Yes, Khan. No joke. Part 2

I have now completed a full year of transferring most of my students’ procedural practice and review to Khan Academy, and I want to share my 10 biggest takeaways.  First I want to make absolutely clear that I do not believe classroom time should routinely consist of students working silently with headphones.  Less than a fourth of my students’ online learning and practicing is done in the classroom.  The rest is homework.  I use CCSS-style modeling, 3-acts, dynamic notice-and-wonder whole-class discussions…  I also still believe students need some quiet, focused, repetitive practice for understanding and retaining processes and process connections. So here’s what my students are getting through Khan.

  • My students have developed the ability to learn online.  This is a huge advantage going into college and also gives them an idea of what it is like to use MOOCS.  They have learned to hit “pause,” and rewind when they need to think about what they are supposed to be learning.  They have figured out that reading the text hints (and following directions carefully) is usually faster than watching a video.
  • Learning Algebra has become a more level playing field for my students.  There is plenty of research singling out fractions and long division as predictors of success in Algebra.  It’s not that Algebra is difficult:  gaps in prior learning confuse students. Algebra teachers typically don’t have time to reteach fourth grade math. Neither can we expect our slowest processsers to pick up all that during low-floor, high-ceiling activities.  Khan identifies holes and gaps in students’ prior knowledge and provides access to the missing information and practice to develop foundational skills. As those learners catch up, they find themselves engaging at higher levels instead of getting bogged down trying to figure out what is on the lowest floor.
  • My students are learning to focus and be accurate in their computations.  They are learning multiple ways to cross-check their answers.  Because Khan usually requires they get 5/5 correct, it is worthwhile to learn how to be sure an answer is correct.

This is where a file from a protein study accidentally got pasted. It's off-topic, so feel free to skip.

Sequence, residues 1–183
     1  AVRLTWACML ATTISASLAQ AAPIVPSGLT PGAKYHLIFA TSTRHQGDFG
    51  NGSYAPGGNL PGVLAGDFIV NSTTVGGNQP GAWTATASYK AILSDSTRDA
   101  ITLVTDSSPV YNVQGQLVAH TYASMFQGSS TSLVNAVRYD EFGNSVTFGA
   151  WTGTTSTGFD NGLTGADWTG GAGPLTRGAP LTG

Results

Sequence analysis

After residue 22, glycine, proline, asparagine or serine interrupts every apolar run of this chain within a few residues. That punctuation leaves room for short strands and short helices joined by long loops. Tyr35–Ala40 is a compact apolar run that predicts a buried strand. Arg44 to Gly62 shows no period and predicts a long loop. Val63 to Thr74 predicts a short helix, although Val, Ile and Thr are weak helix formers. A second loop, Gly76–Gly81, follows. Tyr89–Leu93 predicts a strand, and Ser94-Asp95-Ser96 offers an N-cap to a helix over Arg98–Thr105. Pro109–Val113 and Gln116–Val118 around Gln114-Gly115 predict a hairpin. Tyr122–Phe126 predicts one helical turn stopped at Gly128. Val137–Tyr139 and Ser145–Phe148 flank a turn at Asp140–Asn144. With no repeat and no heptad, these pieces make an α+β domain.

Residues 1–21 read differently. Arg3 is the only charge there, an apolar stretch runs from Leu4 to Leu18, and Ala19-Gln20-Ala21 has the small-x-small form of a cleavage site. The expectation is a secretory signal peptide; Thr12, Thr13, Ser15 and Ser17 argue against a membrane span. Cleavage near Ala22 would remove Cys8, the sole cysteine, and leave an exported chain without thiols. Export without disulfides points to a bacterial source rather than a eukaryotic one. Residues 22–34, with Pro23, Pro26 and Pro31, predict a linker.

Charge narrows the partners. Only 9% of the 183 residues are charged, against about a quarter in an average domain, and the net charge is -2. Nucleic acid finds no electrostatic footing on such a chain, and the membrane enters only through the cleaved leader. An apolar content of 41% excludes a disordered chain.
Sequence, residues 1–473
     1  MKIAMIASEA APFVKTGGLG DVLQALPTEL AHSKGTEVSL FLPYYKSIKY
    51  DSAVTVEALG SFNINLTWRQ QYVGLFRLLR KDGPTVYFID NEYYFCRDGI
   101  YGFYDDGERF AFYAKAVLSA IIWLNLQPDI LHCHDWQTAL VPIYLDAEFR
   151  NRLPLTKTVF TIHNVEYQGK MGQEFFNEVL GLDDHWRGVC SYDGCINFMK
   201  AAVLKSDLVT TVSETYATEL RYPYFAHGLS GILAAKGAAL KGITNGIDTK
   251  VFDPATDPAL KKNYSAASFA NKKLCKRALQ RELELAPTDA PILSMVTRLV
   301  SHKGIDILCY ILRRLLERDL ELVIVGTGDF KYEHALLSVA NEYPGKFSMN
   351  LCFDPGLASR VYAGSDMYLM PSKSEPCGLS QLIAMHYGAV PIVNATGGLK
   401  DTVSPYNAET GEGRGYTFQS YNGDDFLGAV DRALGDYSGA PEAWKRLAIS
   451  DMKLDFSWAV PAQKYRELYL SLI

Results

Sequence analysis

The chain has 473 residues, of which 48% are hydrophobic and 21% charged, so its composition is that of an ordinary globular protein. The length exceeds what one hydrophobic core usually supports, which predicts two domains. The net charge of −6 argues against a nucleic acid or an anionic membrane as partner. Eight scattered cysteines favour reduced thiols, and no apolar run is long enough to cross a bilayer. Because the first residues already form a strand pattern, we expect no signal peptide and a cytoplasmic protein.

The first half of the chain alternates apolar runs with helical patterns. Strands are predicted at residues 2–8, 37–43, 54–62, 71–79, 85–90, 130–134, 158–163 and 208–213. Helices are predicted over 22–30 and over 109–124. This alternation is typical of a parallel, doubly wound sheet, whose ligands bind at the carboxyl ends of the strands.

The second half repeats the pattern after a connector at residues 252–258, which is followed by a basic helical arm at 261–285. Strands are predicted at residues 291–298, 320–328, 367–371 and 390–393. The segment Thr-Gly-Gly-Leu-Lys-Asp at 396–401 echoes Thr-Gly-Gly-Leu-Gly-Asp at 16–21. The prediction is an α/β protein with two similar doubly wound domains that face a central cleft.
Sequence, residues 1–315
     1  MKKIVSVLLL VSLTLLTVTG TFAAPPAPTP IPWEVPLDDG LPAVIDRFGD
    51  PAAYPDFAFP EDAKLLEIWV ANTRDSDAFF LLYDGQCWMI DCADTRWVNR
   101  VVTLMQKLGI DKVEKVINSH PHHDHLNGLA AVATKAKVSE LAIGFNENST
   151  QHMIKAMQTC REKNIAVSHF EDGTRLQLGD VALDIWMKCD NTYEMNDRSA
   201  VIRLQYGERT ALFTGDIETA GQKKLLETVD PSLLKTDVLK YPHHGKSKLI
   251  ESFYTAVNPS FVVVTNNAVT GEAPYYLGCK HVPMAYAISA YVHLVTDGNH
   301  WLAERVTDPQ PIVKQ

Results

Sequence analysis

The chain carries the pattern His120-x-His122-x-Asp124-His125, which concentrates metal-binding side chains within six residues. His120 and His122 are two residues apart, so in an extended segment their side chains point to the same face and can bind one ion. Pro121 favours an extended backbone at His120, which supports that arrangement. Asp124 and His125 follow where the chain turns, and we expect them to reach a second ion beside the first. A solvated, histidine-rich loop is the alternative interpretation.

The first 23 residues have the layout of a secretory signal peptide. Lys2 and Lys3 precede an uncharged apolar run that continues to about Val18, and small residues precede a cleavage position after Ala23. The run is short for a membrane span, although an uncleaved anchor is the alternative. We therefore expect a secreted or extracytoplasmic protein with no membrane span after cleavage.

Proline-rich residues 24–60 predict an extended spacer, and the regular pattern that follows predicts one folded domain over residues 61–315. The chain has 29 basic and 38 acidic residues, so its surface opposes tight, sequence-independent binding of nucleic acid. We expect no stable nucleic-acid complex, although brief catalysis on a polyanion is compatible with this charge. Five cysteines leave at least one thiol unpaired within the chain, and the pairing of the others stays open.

Side note:  Some sessions can’t be “cross checked” and we have a classroom rule that says if they get 4/5 twice, the can ask for credit.  That has significantly lowered the stress level and 4/5-twice requests only occur about once a month with my total of 150 students.
  • My students have learned to reach for learning instead of waiting for me to feed them. They send me pictures of their work or a problem online when they can’t figure out where they are going wrong outside of class.  While students should not have to pursue lengthy hunting trips for information on a routine basis, they need to feel confident that such hunts are worthwhile and within reach.
  • Many Khan sessions encourage critical thinking with always-sometimes-never questions.  Khan’s sophistication rivals many standardized testing programs with drag-and-drop and interactive graphing tools.
  • Students are automatically given spiral review problems based on their performance history.  Khan can assign them more practice as forgotten skills are detected.
  • We save class time for robust discussions and problem analysis instead of going over homework.
  • I have more time for quality feedback because I collect far fewer papers.  Khan grades for accuracy while I grade for completion in seconds.
  • My students are learning to find work-arounds and  deal with the frustrations inherent in technology:  syntax must be exact and isn’t always intuitive.  Sometimes we have to redo when it’s not entirely our fault.  Khan rarely has technical issues; but in the few occasions when there are issues, the students know that is to be expected with technology. No whining.
  • Students can systematically work ahead.  This year I have a few upper classmen that are interested in College Level Examination Program (CLEP) credit.  Working on Khan could facilitate that.

Meanwhile, I know what day and time my students are working, how long they were working, and what they were working on.  I know who gets it and who does not.  I know if they checked out the hints or the videos and which ones.  I can see their learning patterns (red, red, blue, blue, blue, red…looks like an accuracy issue).

There is a learning curve for teachers using Khan.  The interface is powerful in terms of the information provided about student mastery, and that means it takes awhile to be able to understand all the features.  It is, however, very doable to start small.  If we are serious about developing 21st Century Skills and freeing time for meaningful problem solving, using digital learning is a no-brainer.

 

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